Eigenfaces, Data Visualizations and Clustering Methods

Today’s meeting covered everything from classifying whether a certain photo is of Justin Bieber using  linear algebra, to understanding how call steering portals really work.

Eigenfaces: Samson explained through principal component analysis, how eigenfaces can be used in face recognition.

Data Visualization: Samson also talked about information density, the data-ink ratio and how to condense visualizations without sacrificing information. He described several methods including sparklines, one of Tufte’s inventions, as well as why the “ideal” length of a x-y graph is dependent on the rate of change of the trendline.

Semantic Clustering: Konrad gave an overview of some of the work he did at Nuance involving semantic and k-means clustering algorithms. He described how the randomness of customer calls, among other variables, makes it difficult to know exactly the appropriate semantic tags one should use in large data sets.

Next meeting will be next Tuesday Nov 29th at 3pm in the Stats Club Office M3 3109.


Compression, physical XORs, and NN clustering!

Today, Samson and Diran gave new twists and applications for their previous topics.

Lossless Dataset Compression: Samson discussed lossless compression of statistical data, capable of shrinking huge datasets (often hundreds of TB) down by orders of magnitude. The goal, instead of trying to file away the data into a smaller footprint than other compressors, is to rather allow the data to still be readily accessible while being compressed.

Encryption, Encore: Diran described a way to transmit secret messages across untrustworthy carriers. Using the previously discussed holomorphic encryption, and splitting the message into multiple planes coupled with random noise, one ensures that no single carrier possessing only some of the planes is able to compute the secret. Rather, decryption requires XORing every plane together, which can in fact be done physically with multiple layers of invisible ink, or a unique way of encoding 1s and 0s that allows the union of dark spots to simulate XORs.

Neural Network Clustering: As part of his “neural network” series, Samson introduced a simple, single-hidden-layer network capable of determining, in a spatially clustered dataset, which cluster (or subset of clusters, “0” or “1”) an arbitrary data point should be marked under. The hidden layer is a Gaussian of the vector distance between a given point and each cluster, such that nearer clusters have greater influence. Finding the optimal weights during training requires only least-squares regression, allowing many data points to be trained at once.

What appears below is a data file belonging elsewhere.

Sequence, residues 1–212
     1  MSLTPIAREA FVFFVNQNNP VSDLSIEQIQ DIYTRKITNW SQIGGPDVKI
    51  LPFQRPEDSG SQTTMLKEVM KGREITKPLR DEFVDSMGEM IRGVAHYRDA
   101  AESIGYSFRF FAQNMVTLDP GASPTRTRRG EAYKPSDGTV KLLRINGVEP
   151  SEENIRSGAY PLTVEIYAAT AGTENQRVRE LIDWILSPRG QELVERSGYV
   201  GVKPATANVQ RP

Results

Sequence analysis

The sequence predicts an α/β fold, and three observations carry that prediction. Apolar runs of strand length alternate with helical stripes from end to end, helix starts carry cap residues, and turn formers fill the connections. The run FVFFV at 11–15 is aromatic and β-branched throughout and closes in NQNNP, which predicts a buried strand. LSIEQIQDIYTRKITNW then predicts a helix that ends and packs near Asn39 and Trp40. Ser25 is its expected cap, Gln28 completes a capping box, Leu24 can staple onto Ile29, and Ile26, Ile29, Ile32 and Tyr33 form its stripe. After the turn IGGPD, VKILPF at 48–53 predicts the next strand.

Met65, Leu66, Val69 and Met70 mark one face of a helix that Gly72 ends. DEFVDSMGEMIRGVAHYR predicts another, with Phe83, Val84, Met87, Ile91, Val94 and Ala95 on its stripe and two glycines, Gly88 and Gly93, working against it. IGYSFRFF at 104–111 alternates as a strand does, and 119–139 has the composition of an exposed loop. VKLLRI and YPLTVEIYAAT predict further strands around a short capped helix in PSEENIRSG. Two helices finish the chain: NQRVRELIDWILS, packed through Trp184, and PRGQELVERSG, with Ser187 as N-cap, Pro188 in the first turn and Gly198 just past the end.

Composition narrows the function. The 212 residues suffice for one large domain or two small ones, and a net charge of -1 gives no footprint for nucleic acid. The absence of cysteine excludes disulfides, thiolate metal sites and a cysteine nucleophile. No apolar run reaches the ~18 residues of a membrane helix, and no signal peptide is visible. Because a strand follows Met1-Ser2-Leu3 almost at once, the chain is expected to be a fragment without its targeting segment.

Have you gone mod?: Jimmy offered a counterargument to Lisa’s proposal that sequential numbers, such as user IDs of a website, would yield non-random subsets when their residue (mod a certain number) is taken.

Next meeting will be next Tuesday Nov 22nd at 3pm in the Stats Club Office M3 3109.

Project Discussions, User Ids

Today’s meeting was mostly sharing and discussing project ideas:

Visualization Projects: Konrad is working with housing availability data, and changes in Facebook friendship over time.

Twitter Data: Lisa is working on visualizing twitter user growth, and used the data to attempt to show that user ids are not random: although it is easy to do, one should not sample users by the modulo of the user id by some number. [Separate post pending]

News Data: Gobi and Samson talked about their work (and project ideas) clustering news, and methods for using supervised learning when labeled data is difficult to obtain.

Next meeting will be next Tuesday Nov 15th at 3pm in the Stats Club Office M3 3109.

Neural nets, encryption, and more

Today’s meeting was jam packed with everything from neural networks to work in progress on an automated way of doing homework.

Neural Networks: Samson introduced us to neural networks, and how to learn weights of a neural network by backpropogating the errors and using gradient descent. [Separate post pending.]

Homomorphic Encryption: Diran talked about homomorphic encryption, an encryption schema where one can perform operations (such as addition) on the encrypted messages and get meaningful results. With an encryption schema that preserves addition and multiplications, we can do things like linear regression on encrypted data. [Separate post pending.]

AOL Search Dataset: Jee explained the AOL search dataset, a dataset consisting of an anonymized list of users and the terms they searched for on AOL over the span of three months. Previous projects that use this dataset include the query “topic” connection visualization  (type something on the gray area at the top of the page) and a visualization of question queries.

Jimmy also presented on a work in progress: an automatic homework solution generator that outputs latex code for solving a given formula.

Next meeting will be next Tuesday Nov 8th at 3pm in the Stats Club Office M3 3109.